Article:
The Pleasures of winter
Even those of us who live in a part of the world where the native trees keep their leaves across the winter sometimes need cheering up on cold days, and to this end it’s a good idea to keep some stock. This can be made from the water in which vegetables, such as greens or brocolli, have been steamed, or that in which legumes have been cooked. You can pour in the liquid from cans of chick peas, lentils and other legumes (but be careful not to use too much, as this it has a strong taste), and if you open a can of asparagus its liquid goes very well. The water in which dried mushrooms have been boiled and left to stand while they rehydrate is excellent for this purpose. Keep your stock in the fridge (I use a big jar) and remember to boil it for a few minutes every second day, to keep it fresh.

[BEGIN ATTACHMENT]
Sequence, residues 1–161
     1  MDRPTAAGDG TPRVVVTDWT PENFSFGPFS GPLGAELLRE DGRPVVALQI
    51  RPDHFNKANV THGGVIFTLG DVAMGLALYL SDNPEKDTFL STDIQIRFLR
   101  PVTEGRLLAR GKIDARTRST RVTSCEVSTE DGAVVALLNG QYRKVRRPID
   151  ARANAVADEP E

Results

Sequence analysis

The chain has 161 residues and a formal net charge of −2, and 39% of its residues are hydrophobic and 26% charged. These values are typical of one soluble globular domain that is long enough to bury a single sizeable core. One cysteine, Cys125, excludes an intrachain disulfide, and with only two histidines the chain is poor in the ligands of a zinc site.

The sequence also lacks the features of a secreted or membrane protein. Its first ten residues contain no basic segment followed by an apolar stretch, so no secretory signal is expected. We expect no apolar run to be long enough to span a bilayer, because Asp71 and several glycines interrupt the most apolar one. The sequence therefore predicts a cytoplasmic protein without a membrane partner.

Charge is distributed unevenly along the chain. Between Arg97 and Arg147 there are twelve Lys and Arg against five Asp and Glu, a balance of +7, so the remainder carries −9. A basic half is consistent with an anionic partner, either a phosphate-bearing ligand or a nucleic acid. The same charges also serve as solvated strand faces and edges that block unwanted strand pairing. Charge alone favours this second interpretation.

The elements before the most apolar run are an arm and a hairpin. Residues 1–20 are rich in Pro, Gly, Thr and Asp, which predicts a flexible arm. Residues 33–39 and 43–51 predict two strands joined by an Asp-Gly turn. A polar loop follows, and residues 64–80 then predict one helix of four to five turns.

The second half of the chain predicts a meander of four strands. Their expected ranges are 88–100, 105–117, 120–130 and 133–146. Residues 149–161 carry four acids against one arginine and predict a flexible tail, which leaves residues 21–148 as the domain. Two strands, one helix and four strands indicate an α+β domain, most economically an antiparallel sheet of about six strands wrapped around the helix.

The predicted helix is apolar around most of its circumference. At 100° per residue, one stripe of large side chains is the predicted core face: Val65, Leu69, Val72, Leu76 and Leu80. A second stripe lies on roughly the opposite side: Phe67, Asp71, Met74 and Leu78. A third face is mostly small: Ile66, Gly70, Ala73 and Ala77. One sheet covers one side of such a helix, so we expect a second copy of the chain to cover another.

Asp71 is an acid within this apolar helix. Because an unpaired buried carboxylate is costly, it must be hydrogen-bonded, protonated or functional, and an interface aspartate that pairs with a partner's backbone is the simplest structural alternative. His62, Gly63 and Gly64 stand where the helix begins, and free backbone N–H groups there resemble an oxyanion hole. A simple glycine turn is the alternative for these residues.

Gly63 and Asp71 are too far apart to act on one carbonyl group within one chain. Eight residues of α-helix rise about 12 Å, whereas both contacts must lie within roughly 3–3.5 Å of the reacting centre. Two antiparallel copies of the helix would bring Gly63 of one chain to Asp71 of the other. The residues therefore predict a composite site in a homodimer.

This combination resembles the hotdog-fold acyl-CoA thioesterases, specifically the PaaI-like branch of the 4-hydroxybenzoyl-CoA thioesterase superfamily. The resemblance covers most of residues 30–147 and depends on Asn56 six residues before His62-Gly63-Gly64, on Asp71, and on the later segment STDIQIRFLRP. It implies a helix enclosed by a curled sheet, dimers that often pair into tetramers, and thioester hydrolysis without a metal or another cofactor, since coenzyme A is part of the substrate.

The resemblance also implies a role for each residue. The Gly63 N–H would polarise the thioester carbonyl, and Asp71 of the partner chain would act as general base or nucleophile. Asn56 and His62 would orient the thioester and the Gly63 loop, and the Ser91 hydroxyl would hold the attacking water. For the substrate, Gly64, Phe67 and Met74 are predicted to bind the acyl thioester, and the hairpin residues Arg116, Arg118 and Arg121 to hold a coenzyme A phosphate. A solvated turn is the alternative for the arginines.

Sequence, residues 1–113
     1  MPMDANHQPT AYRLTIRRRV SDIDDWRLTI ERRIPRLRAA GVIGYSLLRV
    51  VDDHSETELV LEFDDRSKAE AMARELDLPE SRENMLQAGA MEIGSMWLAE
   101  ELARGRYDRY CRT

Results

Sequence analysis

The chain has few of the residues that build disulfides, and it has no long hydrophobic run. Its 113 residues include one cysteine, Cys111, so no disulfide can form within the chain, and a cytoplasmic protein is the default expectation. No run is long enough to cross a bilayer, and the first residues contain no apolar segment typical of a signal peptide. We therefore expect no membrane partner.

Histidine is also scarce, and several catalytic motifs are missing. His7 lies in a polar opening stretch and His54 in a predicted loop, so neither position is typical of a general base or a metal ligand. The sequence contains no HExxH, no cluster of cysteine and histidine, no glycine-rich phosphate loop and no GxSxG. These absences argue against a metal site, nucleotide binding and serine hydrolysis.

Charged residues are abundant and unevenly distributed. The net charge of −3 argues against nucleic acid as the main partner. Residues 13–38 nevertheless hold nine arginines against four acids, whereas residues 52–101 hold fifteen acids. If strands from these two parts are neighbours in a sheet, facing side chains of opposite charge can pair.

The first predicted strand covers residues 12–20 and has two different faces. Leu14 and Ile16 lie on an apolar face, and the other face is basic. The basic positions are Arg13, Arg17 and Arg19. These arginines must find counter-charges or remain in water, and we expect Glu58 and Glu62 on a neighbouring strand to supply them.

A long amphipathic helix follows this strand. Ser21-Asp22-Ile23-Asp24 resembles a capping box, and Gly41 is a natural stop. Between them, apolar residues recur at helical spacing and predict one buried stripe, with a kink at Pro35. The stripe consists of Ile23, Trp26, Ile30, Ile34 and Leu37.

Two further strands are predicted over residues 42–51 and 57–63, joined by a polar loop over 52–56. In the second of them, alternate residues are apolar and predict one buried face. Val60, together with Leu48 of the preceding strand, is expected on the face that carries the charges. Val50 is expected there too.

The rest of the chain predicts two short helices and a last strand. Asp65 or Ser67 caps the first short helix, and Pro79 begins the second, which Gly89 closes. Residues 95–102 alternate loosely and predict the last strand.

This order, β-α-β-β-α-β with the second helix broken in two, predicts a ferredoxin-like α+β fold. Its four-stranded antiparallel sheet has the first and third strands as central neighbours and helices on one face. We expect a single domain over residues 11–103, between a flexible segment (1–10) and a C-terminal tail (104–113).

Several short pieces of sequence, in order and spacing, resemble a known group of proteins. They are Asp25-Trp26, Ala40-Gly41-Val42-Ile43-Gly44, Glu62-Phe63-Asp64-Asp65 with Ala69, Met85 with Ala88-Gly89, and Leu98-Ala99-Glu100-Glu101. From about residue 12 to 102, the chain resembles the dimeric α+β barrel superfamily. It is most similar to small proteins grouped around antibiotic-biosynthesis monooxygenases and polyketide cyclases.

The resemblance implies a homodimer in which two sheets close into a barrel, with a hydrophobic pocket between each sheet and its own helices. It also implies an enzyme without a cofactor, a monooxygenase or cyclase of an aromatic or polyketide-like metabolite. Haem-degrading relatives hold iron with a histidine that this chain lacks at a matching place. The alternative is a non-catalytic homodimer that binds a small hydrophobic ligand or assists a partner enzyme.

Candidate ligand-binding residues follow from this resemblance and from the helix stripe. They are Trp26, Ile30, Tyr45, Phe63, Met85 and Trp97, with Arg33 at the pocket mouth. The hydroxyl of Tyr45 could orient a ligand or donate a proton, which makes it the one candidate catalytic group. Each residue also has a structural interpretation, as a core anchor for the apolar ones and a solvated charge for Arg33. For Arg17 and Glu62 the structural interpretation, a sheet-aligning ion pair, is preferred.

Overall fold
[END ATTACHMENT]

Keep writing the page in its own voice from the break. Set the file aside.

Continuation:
As you add liquid from different sources your stock will become more complex in flavour, and you can use it as the base for winter soups and vegetable stews (the line between these can be a fine one.) Heat the stock and add vegetables (potato and pumpkin are hearty winter fare; if you wash your pumpkin there’s no need to peel it) and cooked legumes; white beans go very well in such a dish, and the herb that goes best with them is rosemary. Check for salt, and don’t forget to reserve some of your stock, which will serve as the basis for the next lot.